WASHINGTON: Eating foods that contain vitamin C, such as oranges, papaya, pepper, broccoli and strawberries may reduce your risk of stroke, a new study found.
The study, to be presented at the American Academy of Neurology’s annual meeting in Philadelphia later this year, involved 65 people who had experienced an intracerebral hemorrhagic stroke, or a blood vessel rupture inside the brain, as well as 65 healthy people.
Participants were tested for the levels of vitamin C in their blood in order to investigate the relationship between the vitamin and hemorrhagic stroke, which is less common than ischemic stroke, but is more often deadly.
Overall, 41 percent of participants had normal levels of vitamin C, 45 percent showed depleted levels of vitamin C and 14 percent were considered deficient of the vitamin.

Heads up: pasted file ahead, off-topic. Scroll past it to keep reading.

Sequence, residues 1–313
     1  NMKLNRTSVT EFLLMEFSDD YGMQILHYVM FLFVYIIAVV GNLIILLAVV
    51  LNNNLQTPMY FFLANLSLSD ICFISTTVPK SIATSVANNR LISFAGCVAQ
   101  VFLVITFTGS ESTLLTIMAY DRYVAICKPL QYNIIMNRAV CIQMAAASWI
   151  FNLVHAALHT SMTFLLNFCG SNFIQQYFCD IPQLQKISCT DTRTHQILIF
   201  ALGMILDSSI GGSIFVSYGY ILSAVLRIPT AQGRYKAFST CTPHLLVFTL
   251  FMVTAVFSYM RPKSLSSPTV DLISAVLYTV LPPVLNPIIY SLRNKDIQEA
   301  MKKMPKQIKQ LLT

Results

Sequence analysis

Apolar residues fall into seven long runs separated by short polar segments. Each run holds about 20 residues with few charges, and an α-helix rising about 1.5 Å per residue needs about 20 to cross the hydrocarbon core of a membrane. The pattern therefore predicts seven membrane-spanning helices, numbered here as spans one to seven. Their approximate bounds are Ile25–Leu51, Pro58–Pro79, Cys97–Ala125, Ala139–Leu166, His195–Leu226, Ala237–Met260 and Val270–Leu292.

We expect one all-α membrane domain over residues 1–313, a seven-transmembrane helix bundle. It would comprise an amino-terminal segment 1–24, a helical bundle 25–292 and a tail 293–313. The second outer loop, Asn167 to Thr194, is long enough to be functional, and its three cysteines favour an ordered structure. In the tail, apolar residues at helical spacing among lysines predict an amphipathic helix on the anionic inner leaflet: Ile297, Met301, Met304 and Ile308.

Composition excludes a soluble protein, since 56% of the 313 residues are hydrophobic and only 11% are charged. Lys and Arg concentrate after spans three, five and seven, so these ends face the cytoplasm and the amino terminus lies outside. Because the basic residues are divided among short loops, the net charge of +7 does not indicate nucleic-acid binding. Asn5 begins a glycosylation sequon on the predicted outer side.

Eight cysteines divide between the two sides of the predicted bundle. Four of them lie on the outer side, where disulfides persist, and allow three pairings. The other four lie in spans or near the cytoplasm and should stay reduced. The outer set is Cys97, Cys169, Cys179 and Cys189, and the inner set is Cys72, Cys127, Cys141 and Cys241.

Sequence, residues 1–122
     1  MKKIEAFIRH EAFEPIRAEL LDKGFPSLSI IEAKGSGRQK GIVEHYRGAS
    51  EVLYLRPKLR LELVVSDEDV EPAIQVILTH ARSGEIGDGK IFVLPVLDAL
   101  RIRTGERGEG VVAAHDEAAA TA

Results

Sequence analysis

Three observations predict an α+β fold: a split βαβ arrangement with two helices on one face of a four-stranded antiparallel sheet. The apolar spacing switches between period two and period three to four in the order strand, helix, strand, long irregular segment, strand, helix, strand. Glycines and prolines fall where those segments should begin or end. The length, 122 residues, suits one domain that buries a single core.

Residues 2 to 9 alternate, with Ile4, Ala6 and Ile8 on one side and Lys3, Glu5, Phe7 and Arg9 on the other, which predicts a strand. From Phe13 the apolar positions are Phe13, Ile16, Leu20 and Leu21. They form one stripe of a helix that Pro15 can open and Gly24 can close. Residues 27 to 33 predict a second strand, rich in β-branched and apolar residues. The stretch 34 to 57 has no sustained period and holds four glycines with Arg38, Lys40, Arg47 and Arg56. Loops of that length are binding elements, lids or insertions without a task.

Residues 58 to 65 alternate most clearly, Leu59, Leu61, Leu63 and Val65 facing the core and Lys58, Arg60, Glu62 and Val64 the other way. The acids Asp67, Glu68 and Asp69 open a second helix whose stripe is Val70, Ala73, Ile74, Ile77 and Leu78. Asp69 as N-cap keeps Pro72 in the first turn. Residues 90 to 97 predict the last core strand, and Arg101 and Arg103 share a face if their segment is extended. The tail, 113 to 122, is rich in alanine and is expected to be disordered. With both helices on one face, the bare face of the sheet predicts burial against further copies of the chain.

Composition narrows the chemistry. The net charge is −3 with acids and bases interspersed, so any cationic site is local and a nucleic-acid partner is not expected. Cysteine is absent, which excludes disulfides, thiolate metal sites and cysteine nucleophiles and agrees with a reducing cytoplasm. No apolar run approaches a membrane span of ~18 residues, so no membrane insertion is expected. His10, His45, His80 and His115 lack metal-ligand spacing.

On average, people who had a stroke had depleted levels of vitamin C, while those who had not had a stroke had normal levels of the vitamin, the researchers said.
“Our results show that vitamin C deficiency should be considered a risk factor for this severe type of stroke, as were high blood pressure, drinking alcohol and being overweight in our study,” said study author Stephane Vannier of Pontchaillou University Hospital in Rennes, France, in a statement.
Vannier added that vitamin C appears to regulate blood pressure and also has other benefits like creating collagen, a protein found in bones, skin and tissues, but more research is needed.
Previous studies have found that vitamin C deficiency may be linked to heart disease.